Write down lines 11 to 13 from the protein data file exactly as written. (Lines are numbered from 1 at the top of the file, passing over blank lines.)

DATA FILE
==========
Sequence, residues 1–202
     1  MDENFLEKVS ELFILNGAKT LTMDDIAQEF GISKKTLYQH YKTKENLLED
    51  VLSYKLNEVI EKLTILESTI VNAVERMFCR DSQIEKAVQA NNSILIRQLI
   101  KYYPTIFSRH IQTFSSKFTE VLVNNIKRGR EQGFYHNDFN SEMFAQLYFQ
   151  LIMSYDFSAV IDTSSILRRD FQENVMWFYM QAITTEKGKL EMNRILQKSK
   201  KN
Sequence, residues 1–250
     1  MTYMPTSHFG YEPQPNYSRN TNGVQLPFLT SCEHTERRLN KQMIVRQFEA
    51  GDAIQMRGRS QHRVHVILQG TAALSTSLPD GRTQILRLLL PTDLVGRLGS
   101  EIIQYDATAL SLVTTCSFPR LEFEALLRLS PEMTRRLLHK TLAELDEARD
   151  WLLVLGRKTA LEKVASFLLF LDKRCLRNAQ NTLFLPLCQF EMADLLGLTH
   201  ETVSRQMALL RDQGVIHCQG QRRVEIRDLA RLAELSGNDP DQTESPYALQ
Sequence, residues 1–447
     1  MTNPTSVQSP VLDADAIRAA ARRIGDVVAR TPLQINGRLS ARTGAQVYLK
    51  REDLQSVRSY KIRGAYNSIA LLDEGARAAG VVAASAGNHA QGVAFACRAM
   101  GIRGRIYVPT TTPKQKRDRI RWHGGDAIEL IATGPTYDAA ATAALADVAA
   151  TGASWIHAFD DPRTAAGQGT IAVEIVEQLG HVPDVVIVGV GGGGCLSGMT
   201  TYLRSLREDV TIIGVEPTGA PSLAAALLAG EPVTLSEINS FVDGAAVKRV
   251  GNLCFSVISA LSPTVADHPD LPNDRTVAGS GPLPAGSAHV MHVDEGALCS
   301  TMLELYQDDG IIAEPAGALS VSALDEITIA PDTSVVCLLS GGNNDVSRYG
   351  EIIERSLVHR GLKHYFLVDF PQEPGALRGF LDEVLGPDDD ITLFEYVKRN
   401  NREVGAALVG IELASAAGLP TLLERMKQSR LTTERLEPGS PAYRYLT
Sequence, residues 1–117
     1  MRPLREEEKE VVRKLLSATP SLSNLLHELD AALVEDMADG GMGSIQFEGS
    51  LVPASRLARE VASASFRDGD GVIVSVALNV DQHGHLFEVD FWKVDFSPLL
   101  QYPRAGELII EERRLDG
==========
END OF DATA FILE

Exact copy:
   151  WLLVLGRKTA LEKVASFLLF LDKRCLRNAQ NTLFLPLCQF EMADLLGLTH
   201  ETVSRQMALL RDQGVIHCQG QRRVEIRDLA RLAELSGNDP DQTESPYALQ
Sequence, residues 1–447